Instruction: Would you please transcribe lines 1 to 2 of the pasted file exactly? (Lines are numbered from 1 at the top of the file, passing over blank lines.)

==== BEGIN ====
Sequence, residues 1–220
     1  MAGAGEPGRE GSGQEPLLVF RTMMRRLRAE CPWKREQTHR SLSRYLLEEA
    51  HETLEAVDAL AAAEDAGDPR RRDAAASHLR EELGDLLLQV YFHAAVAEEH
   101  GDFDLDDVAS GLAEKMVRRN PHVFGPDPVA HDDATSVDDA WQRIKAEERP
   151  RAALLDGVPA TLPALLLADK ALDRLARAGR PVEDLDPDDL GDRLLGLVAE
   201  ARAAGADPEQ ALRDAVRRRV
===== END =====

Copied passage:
Sequence, residues 1–220
     1  MAGAGEPGRE GSGQEPLLVF RTMMRRLRAE CPWKREQTHR SLSRYLLEEA